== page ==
a source ID field for indicating a source device which provided the payload data packet;
a wireless video audio network ID field for identifying a wireless video audio network to which the destination and source devices belong;
a stream index field for identifying the type of the data packet; and
a sequence number field provided by a modulo-counter for indexing the data packet.
4. The data structure of claim 3, wherein the MAC control field comprises:
a protocol version field for indicating a version of a protocol used for the data packet;
a packet type field for indicating a type of the data packet;
an ACK policy field for indicating an ACK policy;
a security bit for indicating secure data packets;
a retry bit for indicating if the packet is either a data packet or MAC command and if the packet is retransmitted;
a more-data bit for indicating whether the device will be sending any more packets in the reserved time block; and
a transport priority field for indicating the priority of the packet.
5. The data structure of claim 3, wherein the MAC header extension control field comprises:
an MAC header extension length field for indicating the length of the MAC header extension;
a link adaptation extension bit;
a ReBoM (reliable broadcast or multicast) control bit; and
a composite frame control bit.
6. The data structure of claim 3, wherein the modulo counter comprises a modulo 256 counter, and wherein the sequence number is incremented for each packet sent.
7. The data structure of claim 1, wherein the first CRC segment is set by CRC-16 or CRC-32 defined in IEEE 802.11 standard.
8. The data structure of claim 1, wherein the second type of function comprises device-dependent functions and application-dependent functions.
9. The data structure of claim 8, wherein the MAC header extension comprises a ReBoM header, a Link adaptation extension header, and a composite frame header, and wherein presence or absence of the ReBoM header, the Link adaptation extension header, and the composite frame header are determined by values of the corresponding MAC header extension control bits.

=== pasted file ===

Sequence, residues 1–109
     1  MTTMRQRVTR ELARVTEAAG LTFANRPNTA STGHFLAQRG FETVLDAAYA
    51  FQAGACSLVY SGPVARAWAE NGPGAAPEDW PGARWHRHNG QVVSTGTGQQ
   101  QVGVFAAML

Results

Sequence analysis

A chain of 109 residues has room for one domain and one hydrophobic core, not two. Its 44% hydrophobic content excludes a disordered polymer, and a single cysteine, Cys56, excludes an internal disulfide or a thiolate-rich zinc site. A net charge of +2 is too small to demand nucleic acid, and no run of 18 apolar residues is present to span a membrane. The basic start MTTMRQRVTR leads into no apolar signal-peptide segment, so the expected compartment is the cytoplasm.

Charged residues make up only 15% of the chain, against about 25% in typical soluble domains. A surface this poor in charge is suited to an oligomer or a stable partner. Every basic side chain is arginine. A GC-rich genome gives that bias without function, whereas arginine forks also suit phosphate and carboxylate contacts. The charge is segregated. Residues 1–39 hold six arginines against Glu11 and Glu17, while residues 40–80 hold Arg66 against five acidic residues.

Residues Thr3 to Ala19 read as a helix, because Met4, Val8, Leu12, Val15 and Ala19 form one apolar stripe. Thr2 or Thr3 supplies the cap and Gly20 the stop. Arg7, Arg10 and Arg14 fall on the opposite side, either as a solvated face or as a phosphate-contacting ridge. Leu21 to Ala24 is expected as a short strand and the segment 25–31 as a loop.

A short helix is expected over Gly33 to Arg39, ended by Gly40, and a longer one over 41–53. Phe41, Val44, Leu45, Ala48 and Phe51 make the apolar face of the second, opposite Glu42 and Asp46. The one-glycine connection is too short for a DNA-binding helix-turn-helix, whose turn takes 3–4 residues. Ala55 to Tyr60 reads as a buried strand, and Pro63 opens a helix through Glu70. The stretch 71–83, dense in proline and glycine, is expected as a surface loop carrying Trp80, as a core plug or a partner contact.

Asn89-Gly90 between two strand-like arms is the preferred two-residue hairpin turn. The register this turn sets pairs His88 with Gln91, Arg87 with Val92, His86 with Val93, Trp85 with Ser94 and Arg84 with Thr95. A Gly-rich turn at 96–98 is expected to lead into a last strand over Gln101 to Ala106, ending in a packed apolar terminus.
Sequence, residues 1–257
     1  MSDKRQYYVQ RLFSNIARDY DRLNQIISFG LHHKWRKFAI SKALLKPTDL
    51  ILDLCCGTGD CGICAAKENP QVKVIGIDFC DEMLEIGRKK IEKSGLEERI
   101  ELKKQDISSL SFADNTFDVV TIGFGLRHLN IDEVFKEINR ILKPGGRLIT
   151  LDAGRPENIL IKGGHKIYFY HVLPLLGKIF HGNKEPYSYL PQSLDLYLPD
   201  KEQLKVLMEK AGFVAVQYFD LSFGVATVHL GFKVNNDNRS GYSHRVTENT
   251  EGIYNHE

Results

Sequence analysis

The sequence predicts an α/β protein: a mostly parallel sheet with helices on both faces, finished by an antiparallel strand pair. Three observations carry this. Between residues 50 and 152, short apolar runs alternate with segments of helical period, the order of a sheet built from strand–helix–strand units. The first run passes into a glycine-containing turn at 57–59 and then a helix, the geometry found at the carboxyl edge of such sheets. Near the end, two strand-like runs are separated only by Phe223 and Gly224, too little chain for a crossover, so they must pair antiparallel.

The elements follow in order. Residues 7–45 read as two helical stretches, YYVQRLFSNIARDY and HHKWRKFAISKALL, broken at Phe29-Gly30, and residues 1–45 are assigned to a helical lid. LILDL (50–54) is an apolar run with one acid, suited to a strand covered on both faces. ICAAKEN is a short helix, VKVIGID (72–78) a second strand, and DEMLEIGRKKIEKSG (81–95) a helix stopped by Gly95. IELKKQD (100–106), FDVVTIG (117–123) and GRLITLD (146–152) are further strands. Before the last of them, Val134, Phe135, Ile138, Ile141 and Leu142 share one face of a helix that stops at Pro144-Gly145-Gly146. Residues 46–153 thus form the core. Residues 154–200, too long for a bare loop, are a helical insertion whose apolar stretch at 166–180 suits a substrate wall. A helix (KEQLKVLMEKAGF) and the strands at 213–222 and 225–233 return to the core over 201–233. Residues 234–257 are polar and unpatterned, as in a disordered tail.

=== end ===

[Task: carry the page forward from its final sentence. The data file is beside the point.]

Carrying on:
10. A method of communicating payload data in a High Definition communication system using an OSI model including an application layer, a MAC layer, and a PHY layer, the method comprising:
receiving payload data comprising uncompressed video data from the application layer;
encapsulating at least a portion of the payload data with a MAC header of a fixed size, a MAC header extension of a variable size, a first checking data segment, and a second checking data segment to produce MAC Protocol Data Unit (MPDU);
appending a synchronization header (PHY header) for a PHY layer to the MPDU; and
transmitting the PHY header appended MPDU to a receiver.
11. The method of claim 10, wherein the first checking data segment comprises a first cyclic redundancy checksum (first CRC) for the PHY header and the MAC header, wherein the second checking data segment comprises a second cyclic redundancy checksum (second CRC) for the MAC header extension, wherein the PHY header and the MAC header for which the first CRC is computed is of a fixed size, and wherein the MAC header comprises a size indication of the MAC header extension which facilitates calculating of the second CRC.
12. The method of claim 10, wherein the MAC header extension comprises device-dependent fields and application-dependent fields.
13. The method of claim 12, wherein the MAC header extension further comprises a ReBoM header, a Link adaptation extension header, and a composite frame header, and wherein presence or absence of the ReBoM header, the Link adaptation extension header, and the composite frame header is determined by values of corresponding MAC header extension control bits in the MAC header.